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 "The Cult of the Mother-Goddess",
a review by Carroll Quigley in The American Anthropologist, Vol. 62 (1960),
of a book:
THE CULT OF THE MOTHER-GODDESS: An Archaeological and Documentary Study,
by Edwin O. James.
New York: Frederick A. Praeger, 1959


"The Cult of the Mother-Goddess"



The Cult of the Mother-Goddess: An Archaeological and Documentary Study.
E. O. James.
New York: Frederick A. Praeger, 1959. 300 pp. $6.50.


   The last decade has produced a large number of books on various aspects of the Great Mother Goddess. Among these are Jean Przyluski, La Grande déesse (Paris, 1950), Robert Briffault, The Mothers (reissued, London, 1952); Mircea Eliade, La Terre mere, et les hierogamies cosmiques (Zurich, 1954); Uberto Pestalozza, Eterno femminine mediterraneo (Venice, 1954); Erich Neumann, The Great Mother (New York, 1955, and O. G. S. Crawford, The Eye Goddess (London, 1958).

   Professor Edwin O. James has now added another volume to these. His book has many merits: it is jammed with facts from archeology and written records, supported with 766 reference notes to the scholarly literature, and has almost no factual error. But, in a field which is over-run with untenable theories, James avoids offering theories of his own except in a casual and implicit way. This is doubly unfortunate since any reader experienced in this subject can see that James' unstated theories are generally correct. Failure to state theories, combined with lack of clear discrimination between different aspects of the Mother Goddess Cult, a certain amount of chronological disorder, and poor organization prevent this book from providing a clear picture of the growth and spread of the Cult.

   The eight chapters of this volume are organized about a central core of four geographic chapters dealing with Mesopotamia-Egypt, Palestine-Anatolia, Iran-India. and Crete-Greece. These are preceded by a chronological chapter on the antecedents of the Goddess cult in the Palaeolithic, Neolithic, and Bronze ages and are followed by three topical chapters on the Magna Mater, the Madonna in Christianity, and the "Dying god." Such an organization is not very helpful, either geographically or chronologically, and results in a great deal of repetition. In the four geographic chapters the evidence is assembled without any real regard for chronology, except for incidental and unhelpful interjections of words like "earlier" or "later." As a result, the impression is curiously old-fashioned, like reading scattered passages from Sir James G. Frazer. The last three chapters on the Magna Mater, the Madonna, and the "Dying god'' are clearly out of chronological order and repeat much of the evidence previously presented in the geographic chapters. Chapter one, dealing with "antecedents," does little to clear up the confusions because its three divisions in terms of Palaeolithic, Neolithic, and Bronze Age fail to indicate the profound changes which the female cult underwent in these three periods (from reference for the fecundity of nature to the Earth Mother to the spouse-mother of a cyclically-dying god, and, ultimately, to a sacral kingship).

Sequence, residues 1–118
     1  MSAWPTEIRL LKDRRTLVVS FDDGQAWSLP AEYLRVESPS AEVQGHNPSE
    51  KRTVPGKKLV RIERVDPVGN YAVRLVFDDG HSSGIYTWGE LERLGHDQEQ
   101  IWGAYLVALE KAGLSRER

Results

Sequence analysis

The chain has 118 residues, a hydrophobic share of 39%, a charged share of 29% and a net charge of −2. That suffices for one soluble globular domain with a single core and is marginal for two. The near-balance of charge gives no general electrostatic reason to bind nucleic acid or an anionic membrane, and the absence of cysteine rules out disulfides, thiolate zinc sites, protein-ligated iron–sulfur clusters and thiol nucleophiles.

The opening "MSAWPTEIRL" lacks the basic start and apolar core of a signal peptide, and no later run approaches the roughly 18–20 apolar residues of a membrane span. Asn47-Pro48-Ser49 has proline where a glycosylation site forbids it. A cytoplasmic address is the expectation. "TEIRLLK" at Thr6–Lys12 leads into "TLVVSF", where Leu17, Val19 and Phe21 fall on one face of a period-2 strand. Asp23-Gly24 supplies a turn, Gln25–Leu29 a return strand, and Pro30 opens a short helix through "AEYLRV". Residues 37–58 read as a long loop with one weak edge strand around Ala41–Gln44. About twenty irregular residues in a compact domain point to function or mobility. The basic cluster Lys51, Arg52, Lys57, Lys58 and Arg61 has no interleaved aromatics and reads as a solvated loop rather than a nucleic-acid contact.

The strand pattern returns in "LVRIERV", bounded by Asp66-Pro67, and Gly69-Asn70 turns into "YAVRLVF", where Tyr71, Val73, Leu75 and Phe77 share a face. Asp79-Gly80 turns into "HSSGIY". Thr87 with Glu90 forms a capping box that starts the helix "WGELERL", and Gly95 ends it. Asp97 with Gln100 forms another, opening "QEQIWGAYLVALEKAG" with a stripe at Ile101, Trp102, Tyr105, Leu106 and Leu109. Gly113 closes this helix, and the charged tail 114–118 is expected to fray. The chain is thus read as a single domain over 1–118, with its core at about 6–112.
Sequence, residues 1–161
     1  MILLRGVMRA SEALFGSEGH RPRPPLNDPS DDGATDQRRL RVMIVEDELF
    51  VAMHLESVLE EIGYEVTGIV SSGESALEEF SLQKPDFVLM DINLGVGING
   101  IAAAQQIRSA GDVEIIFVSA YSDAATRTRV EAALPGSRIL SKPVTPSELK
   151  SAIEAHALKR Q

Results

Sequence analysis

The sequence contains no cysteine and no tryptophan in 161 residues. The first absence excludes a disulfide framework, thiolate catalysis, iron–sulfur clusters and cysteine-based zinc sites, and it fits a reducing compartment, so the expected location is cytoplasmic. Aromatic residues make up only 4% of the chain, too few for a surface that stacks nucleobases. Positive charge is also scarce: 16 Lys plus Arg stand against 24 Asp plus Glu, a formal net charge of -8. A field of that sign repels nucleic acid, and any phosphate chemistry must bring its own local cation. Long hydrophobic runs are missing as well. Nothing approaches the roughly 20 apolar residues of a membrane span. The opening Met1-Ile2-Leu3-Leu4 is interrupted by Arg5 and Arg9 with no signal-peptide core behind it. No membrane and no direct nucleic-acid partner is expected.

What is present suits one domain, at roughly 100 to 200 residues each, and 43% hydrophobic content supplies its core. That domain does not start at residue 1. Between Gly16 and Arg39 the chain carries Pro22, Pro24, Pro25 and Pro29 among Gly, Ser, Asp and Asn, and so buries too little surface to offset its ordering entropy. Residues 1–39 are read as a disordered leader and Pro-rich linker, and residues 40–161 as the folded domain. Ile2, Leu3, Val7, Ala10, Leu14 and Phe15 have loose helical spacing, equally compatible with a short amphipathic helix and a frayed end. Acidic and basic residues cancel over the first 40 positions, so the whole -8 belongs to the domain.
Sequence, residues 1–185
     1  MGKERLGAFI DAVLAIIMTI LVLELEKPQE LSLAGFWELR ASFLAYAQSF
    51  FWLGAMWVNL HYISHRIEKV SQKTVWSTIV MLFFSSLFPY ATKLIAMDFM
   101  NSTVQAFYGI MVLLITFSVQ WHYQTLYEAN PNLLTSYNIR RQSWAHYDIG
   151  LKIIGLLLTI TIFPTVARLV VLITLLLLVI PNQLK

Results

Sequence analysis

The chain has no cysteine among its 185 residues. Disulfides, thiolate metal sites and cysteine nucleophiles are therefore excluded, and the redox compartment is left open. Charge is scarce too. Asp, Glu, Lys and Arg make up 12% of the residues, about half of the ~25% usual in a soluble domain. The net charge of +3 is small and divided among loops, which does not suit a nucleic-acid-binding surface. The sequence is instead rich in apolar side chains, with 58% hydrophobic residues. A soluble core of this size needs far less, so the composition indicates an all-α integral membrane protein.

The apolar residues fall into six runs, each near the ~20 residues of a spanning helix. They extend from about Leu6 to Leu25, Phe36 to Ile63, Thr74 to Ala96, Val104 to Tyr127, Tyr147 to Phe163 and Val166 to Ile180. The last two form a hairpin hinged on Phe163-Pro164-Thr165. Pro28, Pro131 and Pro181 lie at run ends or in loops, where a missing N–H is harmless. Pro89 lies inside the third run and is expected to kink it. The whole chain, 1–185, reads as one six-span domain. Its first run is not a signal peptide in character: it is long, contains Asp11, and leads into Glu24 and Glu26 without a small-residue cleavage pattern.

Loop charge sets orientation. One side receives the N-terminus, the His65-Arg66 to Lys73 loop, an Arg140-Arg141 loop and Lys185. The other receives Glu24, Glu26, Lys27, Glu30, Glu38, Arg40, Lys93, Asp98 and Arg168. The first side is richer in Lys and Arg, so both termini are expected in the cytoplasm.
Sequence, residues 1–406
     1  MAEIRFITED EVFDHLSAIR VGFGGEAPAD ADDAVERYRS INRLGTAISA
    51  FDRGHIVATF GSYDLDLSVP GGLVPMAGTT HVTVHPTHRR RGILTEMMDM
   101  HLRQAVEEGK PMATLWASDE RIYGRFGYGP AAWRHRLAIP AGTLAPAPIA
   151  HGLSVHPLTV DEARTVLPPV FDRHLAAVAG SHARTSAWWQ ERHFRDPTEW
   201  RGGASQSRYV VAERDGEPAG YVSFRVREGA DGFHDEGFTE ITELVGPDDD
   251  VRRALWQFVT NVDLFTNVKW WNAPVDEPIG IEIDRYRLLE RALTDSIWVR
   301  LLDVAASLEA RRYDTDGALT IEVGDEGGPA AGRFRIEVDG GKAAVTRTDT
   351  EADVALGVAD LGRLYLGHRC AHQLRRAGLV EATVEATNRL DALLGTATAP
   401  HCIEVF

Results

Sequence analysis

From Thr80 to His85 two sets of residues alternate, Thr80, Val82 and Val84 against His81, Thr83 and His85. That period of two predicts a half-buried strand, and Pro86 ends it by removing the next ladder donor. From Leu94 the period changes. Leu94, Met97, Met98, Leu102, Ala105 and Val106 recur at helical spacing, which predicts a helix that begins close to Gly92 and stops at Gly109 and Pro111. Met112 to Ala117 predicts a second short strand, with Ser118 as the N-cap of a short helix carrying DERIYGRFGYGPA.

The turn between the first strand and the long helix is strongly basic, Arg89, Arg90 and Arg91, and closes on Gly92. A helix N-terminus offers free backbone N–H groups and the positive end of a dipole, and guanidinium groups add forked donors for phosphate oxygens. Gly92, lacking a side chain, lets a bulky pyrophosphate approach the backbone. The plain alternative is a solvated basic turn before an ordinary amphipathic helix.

In a field as rampant with extravagant theories as this, rigorous definition of terms and equally rigorous chronological discrimination are essential. Otherwise we might accept the arguments of Pestalozza that social matriarchy and an Earth-Mother religion were prevalent in the palaeolithic period (U. Pestalozza, "The Mediterranean matriarchate, its primordial character in the religious atmosphere of the palaeolithic era," Diogenes No. 12, 1955, pp. 50-61).

   Any book on this subject must attempt as its chief task to establish a tentative development sequence for the various aspects of the Mother Goddess Cult. Then the distorting forces on this development should be pointed out. One of these distortions was the intrusion of pastoral patriarchal peoples (Semites and Indo-Europeans) who originated on the southern and northern grasslands and worshipped storm and sky deities. Another distortion, associated with the cyclical process of agriculture, the dying god, and the death, burial, and resurrection of seed, arose from the fact that the growing season in the south depended on winter's rains, that of the north depended on summer's sun, while that of the alluvial valleys was based on the annual flood. These points are not explained by James and the casual references to them are confusing and sometimes confused (pp. 48, 233). The latter can be clarified by the well-known facts of geography, while the impact of the former has been handled well by Raffaele Pettazzoni, notably in his La Religione nella Grecia antica (Bologna, 1921; French edition, revised, Paris, 1953).


Scan of original review




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